A remote possibility

David Adams reports on the impact of an influenza pandemic on the workforce, and on business continuity processes in general

Are you scared of swine flu? Personally, I think there are too many other things to worry about (and that there's not much we can do to escape it anyway, short of sealing ourselves in an underground bunker). But the truth is, without conducting a universal screening programme, no-one really knows how many of us are already carrying the virus, or what proportion of those people will be ill this week or next.

Media reports on swine flu have been wildly contradictory since its appearance in the spring. There have been scare stories about the forthcoming, more virulent second wave of the virus, about mushrooming numbers of new patients overwhelming the NHS and about the virus becoming resistant to Tamiflu.

As it happens, on the day I'm writing this, the news is (sort of) good, in that the rate of infection in the UK seems to be flattening out, after the total number of cases had been doubling week by week. And the number of deaths is still extremely low. That may change as summer turns to autumn, bringing colder weather and, perhaps, the feared second wave of the illness. But even if swine flu never mutates into a more dangerous form, how significant a threat does it pose to businesses and other organisations?

What does seem certain is that lots of people will need to take time off. There will be those who are ill; those who think they are ill and are then advised by doctors and/or employers not to go into work in case they infect others; more vulnerable individuals like pregnant women who are not ill but are advised not to go to work; those who stay at home to look after sick children; and those who are pretending to be ill. If the NHS does come under severe strain it's possible the government will extend self-certification of absence to 14 days - which will be useful to those people who do want to skive off.

The Cabinet Office is basing contingency planning on an average absence rate of at least 15 per cent, but some businesses are considering the impact of rates of 20 per cent or above. It's easy to imagine how those absences could affect the country, removing staff from workplaces ranging from call centres to the cabs of railway engines or control rooms in power stations. There may also be negative consequences of 'presenteeism', with some people feeling so insecure about their jobs during the recession that they don't stay at home when they should and come in to sneeze all over their colleagues.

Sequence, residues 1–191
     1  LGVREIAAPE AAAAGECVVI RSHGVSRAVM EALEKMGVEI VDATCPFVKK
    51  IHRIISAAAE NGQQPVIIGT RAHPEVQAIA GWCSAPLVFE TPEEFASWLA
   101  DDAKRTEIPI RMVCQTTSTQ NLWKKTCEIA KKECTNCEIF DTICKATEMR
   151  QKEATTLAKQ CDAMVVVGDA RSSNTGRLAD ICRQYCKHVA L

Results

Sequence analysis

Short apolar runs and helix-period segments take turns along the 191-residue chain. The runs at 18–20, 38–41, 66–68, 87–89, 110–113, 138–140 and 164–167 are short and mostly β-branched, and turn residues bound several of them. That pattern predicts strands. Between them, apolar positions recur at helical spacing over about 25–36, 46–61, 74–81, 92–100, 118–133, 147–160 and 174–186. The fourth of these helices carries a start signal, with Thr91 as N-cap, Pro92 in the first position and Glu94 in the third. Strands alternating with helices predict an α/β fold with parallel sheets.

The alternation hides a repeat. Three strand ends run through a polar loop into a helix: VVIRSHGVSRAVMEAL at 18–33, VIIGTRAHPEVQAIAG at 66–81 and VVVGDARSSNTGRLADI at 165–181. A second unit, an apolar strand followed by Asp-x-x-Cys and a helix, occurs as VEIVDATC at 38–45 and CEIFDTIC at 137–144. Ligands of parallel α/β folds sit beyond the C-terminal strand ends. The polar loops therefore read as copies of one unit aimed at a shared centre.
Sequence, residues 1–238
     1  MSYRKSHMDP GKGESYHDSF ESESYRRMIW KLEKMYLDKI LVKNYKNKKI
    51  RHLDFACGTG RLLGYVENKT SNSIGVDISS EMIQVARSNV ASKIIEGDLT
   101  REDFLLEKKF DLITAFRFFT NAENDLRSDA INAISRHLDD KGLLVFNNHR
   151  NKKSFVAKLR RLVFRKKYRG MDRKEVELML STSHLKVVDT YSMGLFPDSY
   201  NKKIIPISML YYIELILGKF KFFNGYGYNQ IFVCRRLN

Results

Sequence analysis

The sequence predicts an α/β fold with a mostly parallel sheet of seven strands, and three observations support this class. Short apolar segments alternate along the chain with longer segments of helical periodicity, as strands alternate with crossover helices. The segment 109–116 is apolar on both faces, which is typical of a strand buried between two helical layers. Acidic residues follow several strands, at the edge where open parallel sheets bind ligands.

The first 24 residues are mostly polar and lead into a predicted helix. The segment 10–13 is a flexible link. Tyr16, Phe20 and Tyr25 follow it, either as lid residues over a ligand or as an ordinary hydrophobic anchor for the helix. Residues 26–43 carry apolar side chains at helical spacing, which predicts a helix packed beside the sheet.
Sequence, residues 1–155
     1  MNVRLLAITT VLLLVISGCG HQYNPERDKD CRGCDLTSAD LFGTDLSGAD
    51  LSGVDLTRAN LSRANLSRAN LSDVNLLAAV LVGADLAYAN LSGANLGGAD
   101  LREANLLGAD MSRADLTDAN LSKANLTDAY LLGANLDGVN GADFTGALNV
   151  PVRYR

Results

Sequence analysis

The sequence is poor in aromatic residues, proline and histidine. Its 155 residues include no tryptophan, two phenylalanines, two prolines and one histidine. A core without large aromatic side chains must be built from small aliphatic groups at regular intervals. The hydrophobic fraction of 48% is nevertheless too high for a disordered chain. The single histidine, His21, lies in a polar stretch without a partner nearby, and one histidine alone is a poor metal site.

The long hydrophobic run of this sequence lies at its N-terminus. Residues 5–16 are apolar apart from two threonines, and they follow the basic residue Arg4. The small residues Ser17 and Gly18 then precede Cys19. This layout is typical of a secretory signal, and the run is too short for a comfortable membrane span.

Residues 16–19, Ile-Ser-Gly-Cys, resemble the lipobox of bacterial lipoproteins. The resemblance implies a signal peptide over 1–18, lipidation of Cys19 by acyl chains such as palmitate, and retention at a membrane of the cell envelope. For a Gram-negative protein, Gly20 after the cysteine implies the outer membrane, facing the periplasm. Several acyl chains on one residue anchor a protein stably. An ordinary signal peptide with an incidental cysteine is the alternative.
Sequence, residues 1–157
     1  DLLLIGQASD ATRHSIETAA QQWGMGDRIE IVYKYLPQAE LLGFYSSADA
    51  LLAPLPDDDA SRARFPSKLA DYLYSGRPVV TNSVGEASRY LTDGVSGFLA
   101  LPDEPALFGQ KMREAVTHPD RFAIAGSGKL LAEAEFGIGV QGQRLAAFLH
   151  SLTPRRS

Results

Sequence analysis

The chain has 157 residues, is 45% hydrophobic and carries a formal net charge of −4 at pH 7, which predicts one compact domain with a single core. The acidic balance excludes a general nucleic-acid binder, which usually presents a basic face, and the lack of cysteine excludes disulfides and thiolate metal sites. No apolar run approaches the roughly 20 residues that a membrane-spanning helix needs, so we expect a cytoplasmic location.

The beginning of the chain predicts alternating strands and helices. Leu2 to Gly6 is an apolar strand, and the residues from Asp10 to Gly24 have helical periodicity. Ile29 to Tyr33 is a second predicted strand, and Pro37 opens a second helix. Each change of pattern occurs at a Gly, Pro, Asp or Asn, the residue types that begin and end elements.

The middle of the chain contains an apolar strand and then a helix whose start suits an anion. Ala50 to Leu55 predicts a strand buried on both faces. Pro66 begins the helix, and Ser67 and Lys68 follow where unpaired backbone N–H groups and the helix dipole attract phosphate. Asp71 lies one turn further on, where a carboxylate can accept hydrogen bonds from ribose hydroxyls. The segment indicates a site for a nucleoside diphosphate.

Many people in office jobs already work from home at least some of the time and could continue to do so if not too ill to reach a phone or computer. But some key IT systems, like financial or ERP (enterprise resource planning) tools, may not be accessible to staff working from home, thus hampering productivity.

If staff are too ill to work from home, this may be the moment when it finally becomes clear which individuals really make the organisation tick. "Organisations generally risk assess senior management, but often forget about assessing risks relating to core personnel," says Nicky Amor, executive director at AccessRM. "So you might have John Smith, who's been there for 20 years and who everybody else relies upon to help them do their jobs. He might be lower middle management, or whatever, but because he has knowledge about the business and its clients it is a danger to the organisation if he's suddenly not there. We find that most organisations haven't identified those John Smith characters."

That's not to mention all the other usually unsung staff who keep the office working: the IT team, but also the people who look after cleaning, plumbing, electrics, air conditioning or lifts. Clearly there's a need for business continuity planning to encompass the impact on the business of high levels of absence in these areas. It also needs to take into account the likely effects of the pandemic on outsourcers to which business processes have been delegated.